7/26/16 Big Ten sculpture

A sculpture of the Big Ten logo standing outside of the Stewart Center in 2016.

LOS ANGELES — The era of the college super conference is almost here.

Pac-12 flagship programs USC and UCLA are preparing for a 2024 jump to the Big Ten, as The Times confirmed Thursday, leaving the West Coast for a conference that promises early football kickoff times and long plane rides in exchange for massive paychecks. The drastic move shifts the entire college football landscape, consolidating more power to the Big Ten and Southeastern Conference and weakening the Pac-12 to the point where the "Conference of Champions" may be on its last legs.

Here's what to know about the situation:

Why this makes sense for UCLA and USC

— Big bucks

Simply put, a move to the Big Ten could mean a huge pay day for USC and UCLA.

The Big Ten has been a leader in revenue among Power 5 schools since it signed a lucrative media rights deal in 2017 and its member schools are still enjoying the spoils. The Big Ten reported more than $768 million in revenue during the 2019-20 fiscal year — the last before the COVID-19 pandemic — compared to roughly $533 million for the Pac-12. As a result, the Big Ten's 12 longest-standing members collected about $54.3 million each, according to tax returns. Meanwhile, Pac-12 schools settled for $33.6 million each. (Big Ten newbies Maryland and Rutgers received $27.6 and $11.4 million, respectively, in 2020.)

The numbers dropped drastically the following year because of the pandemic, but the Pac-12 schools were among the hardest hit. The Pac-12 distributed about $19.8 million to each of its members last year, a 40% cut from the pre-pandemic number. According to USA Today, the Big Ten paid its 12 longest-standing members between $43.1 million to $49.1 million, a drop ranging from 9.6% to 20.6% compared to the previous year's average.

— Better competition

The Pac-12's last College Football Playoff appearance came in 2016 when Washington scored the sacrificial No. 4 seed that would get destroyed by No. 1 Alabama.

Meanwhile, the Big Ten has appeared in six of eight playoff semifinals, led by Ohio State's four playoff berths. The Big Ten had four teams finish in the top 25 last year, while the Pac-12 hasn't even had three top-25 finishers since 2017.

The Pac-12 tries to pass off its struggles as "parity," but it suffered another blow last year when Pac-12 teams went 0-5 during the bowl season. The Big Ten sent 10 of its 14 teams to bowl games last season and went 6-4.

Getting into a conference with better teams and a higher strength of schedule is expected to lead to more CFP opportunities for UCLA and USC and better recruiting pitches as top athletes want chances to compete against the best for the top prizes.

— Media exposure

Joining the Big Ten, which enjoys regular 9 a.m. and 12:30 p.m. PDT kickoffs, will help ensure the days of #Pac12AfterDark are over for UCLA and USC. While the late-night, infamously chaotic games were fun on Twitter, they are also major annoyances for athletic departments starving for fan interest. East Coast fans and media simply weren't staying up until 1 a.m. EDT to watch two Pac-12 teams fumble the ball back and forth.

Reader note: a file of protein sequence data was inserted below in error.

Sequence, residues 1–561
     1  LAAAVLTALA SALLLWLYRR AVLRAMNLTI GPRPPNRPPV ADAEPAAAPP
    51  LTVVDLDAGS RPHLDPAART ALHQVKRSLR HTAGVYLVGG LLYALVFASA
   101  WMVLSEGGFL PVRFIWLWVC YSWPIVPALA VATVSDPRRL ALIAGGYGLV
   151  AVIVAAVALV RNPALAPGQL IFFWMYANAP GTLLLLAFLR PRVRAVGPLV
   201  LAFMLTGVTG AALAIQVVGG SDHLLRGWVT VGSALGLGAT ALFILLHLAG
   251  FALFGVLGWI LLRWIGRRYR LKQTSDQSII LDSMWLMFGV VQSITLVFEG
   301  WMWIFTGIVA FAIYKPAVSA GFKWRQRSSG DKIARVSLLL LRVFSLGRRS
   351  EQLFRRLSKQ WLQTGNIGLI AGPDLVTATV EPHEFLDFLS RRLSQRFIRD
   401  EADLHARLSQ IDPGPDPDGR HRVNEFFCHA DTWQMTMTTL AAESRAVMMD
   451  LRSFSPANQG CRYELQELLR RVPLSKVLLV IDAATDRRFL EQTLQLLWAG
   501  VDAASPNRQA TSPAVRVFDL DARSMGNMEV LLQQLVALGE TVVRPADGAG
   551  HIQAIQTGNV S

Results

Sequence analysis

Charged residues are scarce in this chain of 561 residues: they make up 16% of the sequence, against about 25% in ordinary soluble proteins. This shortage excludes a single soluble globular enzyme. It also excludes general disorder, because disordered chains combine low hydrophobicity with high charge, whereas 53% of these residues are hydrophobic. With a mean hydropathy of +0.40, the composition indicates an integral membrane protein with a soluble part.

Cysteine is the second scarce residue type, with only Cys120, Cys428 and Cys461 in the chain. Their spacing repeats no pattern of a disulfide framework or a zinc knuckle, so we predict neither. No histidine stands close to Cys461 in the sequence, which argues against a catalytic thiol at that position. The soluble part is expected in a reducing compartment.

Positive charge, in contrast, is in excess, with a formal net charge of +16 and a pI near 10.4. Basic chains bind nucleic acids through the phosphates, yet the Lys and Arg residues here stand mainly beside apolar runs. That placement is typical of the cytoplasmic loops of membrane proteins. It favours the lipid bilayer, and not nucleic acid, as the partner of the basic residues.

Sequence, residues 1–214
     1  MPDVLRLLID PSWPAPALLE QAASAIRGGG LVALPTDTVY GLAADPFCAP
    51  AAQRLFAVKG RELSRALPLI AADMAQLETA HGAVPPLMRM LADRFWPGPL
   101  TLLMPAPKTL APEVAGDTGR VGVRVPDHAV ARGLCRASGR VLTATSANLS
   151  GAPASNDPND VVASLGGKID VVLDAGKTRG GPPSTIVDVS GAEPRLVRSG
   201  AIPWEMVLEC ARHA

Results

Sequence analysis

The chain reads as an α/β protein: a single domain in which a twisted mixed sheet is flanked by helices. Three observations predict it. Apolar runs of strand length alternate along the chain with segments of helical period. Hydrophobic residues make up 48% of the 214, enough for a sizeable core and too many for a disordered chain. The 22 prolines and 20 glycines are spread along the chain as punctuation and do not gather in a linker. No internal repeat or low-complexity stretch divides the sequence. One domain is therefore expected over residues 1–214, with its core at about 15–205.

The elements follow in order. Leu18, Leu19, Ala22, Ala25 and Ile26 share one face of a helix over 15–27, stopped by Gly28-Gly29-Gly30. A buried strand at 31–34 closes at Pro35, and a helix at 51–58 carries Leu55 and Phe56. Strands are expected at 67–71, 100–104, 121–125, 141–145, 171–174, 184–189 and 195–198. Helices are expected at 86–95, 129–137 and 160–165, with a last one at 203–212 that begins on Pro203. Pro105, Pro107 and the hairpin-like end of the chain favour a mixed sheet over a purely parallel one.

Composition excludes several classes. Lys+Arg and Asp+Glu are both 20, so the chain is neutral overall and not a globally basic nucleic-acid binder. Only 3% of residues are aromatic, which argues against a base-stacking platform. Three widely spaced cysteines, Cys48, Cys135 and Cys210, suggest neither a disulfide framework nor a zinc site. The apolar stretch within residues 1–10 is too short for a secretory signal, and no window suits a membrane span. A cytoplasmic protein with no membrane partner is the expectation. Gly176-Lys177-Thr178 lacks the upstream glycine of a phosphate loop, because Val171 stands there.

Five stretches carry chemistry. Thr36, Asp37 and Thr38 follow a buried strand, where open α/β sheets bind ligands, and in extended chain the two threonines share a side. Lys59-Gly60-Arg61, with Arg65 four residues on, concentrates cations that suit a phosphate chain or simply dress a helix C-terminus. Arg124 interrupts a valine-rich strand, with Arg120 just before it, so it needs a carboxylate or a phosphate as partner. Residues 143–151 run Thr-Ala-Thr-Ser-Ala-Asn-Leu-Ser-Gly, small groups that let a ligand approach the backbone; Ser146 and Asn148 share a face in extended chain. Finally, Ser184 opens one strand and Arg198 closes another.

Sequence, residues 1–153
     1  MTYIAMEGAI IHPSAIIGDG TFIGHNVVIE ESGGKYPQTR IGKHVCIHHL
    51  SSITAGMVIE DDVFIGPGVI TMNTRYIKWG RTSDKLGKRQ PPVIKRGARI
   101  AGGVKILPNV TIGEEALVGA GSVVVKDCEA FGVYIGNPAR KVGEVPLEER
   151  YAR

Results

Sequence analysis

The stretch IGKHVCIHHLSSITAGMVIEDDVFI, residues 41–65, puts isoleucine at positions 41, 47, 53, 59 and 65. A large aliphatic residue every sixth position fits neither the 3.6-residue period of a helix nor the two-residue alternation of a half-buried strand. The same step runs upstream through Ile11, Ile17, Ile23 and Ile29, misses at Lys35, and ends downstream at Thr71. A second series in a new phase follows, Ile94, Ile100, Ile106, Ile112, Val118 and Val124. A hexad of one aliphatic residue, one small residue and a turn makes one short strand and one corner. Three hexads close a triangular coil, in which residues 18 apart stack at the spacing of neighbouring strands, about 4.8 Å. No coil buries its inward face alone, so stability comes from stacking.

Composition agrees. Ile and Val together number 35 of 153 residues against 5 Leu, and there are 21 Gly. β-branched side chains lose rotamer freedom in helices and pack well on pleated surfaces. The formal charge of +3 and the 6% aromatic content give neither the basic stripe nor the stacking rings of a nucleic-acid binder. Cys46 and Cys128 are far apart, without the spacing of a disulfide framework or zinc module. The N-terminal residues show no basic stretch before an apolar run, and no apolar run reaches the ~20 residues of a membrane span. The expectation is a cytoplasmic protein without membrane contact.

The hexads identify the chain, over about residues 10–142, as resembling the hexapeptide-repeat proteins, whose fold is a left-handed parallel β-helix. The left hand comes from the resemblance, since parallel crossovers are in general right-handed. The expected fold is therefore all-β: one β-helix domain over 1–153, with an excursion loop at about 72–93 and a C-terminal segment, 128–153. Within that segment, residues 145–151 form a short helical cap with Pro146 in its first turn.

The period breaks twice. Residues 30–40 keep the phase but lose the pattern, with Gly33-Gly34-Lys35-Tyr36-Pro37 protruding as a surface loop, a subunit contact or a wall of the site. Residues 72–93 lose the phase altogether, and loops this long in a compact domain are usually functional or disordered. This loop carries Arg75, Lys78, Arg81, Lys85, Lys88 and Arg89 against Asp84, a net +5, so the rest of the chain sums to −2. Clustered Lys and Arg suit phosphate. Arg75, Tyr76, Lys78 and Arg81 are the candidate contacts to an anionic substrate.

Now if USC or USC travels east to play one of their Big Ten opponents, they'll be almost guaranteed a game that starts in the morning or early afternoon for West Coast fans. Then say Michigan travels west to face USC in the Coliseum. The kickoff time will remain out of the infamous 7:30 p.m. PDT slot to appease fans in Ann Arbor. L.A. college football fans could soon be resting easy on Saturday nights.

Why this makes sense for the Big Ten

— Hello, Hollywood

The Big Ten, traditionally known as a Midwest conference, added Rutgers and Maryland in 2014, citing the larger media markets as positives for expansion. Eight years later, the Big Ten has added an even bigger media fish by claiming the Los Angeles market.

Initial reports indicated that the Big Ten's next media rights deal, which is scheduled to start in 2023, could be worth $1 billion. The opportunity to add the L.A. schools could boost the number even higher.

— Fighting fire with fire

The SEC fired the opening salvo last year by announcing it will add Oklahoma and Texas in 2024. Thursday's news is the Big Ten's answer, poaching major programs from the nation's largest media market with a Power 5 school.

With the SEC and Big Ten getting richer, the transition toward a "Power 2" college football landscape seems inevitable.

What it means for the rest of the Pac-12

— Oregon is sweating

Oregon is the meme of confused John Travolta looking around an empty room. The Ducks, the last Pac-12 team to sniff the CFP with a No. 5 finish in 2019, are the top football program left in the West. Rival Washington, another conference original, is also looking for company.

Another marriage may be on the horizon

The Pac-12 could easily break up for good once UCLA and USC leave. Now all remaining schools must find a way to rebound. Perhaps that means combining with the Big 12 that will be without Texas and Oklahoma or wiggling into the mighty Big Ten, as could be the likely destination for Oregon and Washington.

©2022 Los Angeles Times. Visit latimes.com. Distributed by Tribune Content Agency, LLC.

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